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Discover testimonies of Baker Hughes' collaborators, who involved themselves in the Mock Interview activity for several time now !


After a severe leg injury, Aliya thought she might never walk again. As a young woman in one of the region’s poorest communities near Mumbai, India, her injury had potentially dire implications. It meant she could no longer work in the house to help support her family. Worse, it jeopardized her ability to pursue a career of her own. And then the COVID-19 pandemic hit.

Aliya’s situation depicts the reality facing more than 350 million marginalized youth worldwide: career development opportunities are limited, and minor events can become major setback.

As she recovered, Aliya took some big metaphorical steps forward. She studied hard and engaged with a valuable community resource. That’s where she met Elsa Ceccato, a mentor from Baker Hughes.

Ceccato is a longtime volunteer with Life Project for Youth (LP4Y), a non-governmental organization (NGO) that empowers disadvantaged youth worldwide. Ceccato had previously volunteered with LP4Y in India. But last year, she helped Aliya build the skills to land her first professional job through virtual mentoring.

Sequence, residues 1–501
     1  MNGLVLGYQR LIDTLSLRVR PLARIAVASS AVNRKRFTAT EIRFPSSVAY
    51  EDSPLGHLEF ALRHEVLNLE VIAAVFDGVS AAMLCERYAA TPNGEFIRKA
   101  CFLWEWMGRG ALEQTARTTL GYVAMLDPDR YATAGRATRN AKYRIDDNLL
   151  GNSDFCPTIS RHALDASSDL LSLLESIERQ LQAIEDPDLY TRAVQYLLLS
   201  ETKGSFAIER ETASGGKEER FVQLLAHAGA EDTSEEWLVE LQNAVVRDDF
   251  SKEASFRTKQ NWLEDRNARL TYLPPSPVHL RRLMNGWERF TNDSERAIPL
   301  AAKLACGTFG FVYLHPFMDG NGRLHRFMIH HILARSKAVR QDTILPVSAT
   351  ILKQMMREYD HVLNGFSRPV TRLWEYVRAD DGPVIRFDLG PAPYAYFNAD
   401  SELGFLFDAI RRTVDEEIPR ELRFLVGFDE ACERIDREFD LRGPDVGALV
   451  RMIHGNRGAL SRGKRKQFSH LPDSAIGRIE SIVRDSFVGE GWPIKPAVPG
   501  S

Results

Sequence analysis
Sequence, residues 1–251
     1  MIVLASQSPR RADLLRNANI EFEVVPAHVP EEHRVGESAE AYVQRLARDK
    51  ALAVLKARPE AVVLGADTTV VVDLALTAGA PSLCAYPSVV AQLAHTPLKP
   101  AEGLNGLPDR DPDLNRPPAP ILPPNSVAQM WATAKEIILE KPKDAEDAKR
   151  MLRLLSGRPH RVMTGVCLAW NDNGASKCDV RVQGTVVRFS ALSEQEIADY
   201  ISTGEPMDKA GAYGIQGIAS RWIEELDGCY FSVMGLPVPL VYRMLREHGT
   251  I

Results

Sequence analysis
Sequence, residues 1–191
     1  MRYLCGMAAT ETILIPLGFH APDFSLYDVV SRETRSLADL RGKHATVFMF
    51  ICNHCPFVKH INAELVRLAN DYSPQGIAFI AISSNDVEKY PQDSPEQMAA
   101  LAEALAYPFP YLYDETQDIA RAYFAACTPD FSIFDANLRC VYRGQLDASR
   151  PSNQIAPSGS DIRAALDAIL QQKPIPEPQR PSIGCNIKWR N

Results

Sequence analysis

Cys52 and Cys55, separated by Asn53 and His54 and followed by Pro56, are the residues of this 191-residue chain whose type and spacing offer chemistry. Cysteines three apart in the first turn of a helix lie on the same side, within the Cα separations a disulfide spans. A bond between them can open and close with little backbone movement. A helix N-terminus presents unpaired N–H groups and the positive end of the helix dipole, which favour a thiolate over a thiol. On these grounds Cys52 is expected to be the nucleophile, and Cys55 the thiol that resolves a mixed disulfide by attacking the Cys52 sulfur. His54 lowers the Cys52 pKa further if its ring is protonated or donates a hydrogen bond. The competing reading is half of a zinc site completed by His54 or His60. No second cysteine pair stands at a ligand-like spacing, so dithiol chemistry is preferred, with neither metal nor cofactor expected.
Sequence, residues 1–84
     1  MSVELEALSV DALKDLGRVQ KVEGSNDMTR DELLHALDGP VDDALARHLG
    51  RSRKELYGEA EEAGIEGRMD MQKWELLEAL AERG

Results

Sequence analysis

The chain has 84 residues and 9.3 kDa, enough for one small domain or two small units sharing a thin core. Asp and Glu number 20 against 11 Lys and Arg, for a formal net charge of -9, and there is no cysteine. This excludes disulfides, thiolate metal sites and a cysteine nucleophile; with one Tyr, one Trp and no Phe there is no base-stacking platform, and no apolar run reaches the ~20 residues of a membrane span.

Virtual mentoring sessions between mentor Elsa Ceccato and mentees Suvarda and Aliya

About Life Project for Youth (LP4Y)

  • LP4Y is dedicated to the professional and social inclusion of young people (17-24) living with extreme poverty, disabilities, domestic abuse, and exclusion with programs in 13 countries worldwide

  • Established in 2009, LP4Y believes that all young people have potential and that inspiring them with an entrepreneurial mindset will help them contribute to an inclusive, sustainable, and prosperous world

  • LP4Y was granted the special consultative status at the United Nations Economic and Social Council and its work meets 11 of the UN’s 17 Sustainable Development Goals

Giving back: When early career development meets business mentoring

Career development is about building the hard and soft skills to grow professionally. It takes learning, guidance from mentors, and hands-on experience. At Baker Hughes, the ASPIRE program accelerates the careers of interns and entry-level professionals over two years. An essential part of ASPIRE is social impact – giving back.

Unable to volunteer in person, ASPIRE members from across the globe partnered with LP4Y over the last year to provide virtual career mentoring, mock interviews, and professional networking to disadvantaged students struggling to find jobs and internships.


Aliya, an LP4Y mentee who landed a job with the help of virtual mentoring

Values at work: Young professionals coaching marginalized youth

“It was very moving to hear what Aliya had gone through and how she had somehow benefited from that terrible injury to realize that she was ambitious and wanted to be independent financially,” said Ceccato, a Lead Finance Specialist based in Florence, Italy.